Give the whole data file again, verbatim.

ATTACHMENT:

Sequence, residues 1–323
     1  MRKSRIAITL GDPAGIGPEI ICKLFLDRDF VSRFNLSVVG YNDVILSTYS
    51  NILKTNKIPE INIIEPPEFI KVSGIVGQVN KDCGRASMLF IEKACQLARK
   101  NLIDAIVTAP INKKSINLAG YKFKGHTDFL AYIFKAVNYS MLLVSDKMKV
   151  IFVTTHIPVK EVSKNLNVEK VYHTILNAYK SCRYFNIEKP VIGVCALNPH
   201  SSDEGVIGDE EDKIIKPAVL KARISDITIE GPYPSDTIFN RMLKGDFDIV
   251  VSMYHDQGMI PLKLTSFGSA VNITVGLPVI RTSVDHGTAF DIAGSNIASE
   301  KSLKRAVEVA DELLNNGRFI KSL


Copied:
Sequence, residues 1–323
     1  MRKSRIAITL GDPAGIGPEI ICKLFLDRDF VSRFNLSVVG YNDVILSTYS
    51  NILKTNKIPE INIIEPPEFI KVSGIVGQVN KDCGRASMLF IEKACQLARK
   101  NLIDAIVTAP INKKSINLAG YKFKGHTDFL AYIFKAVNYS MLLVSDKMKV
   151  IFVTTHIPVK EVSKNLNVEK VYHTILNAYK SCRYFNIEKP VIGVCALNPH
   201  SSDEGVIGDE EDKIIKPAVL KARISDITIE GPYPSDTIFN RMLKGDFDIV
   251  VSMYHDQGMI PLKLTSFGSA VNITVGLPVI RTSVDHGTAF DIAGSNIASE
   301  KSLKRAVEVA DELLNNGRFI KSL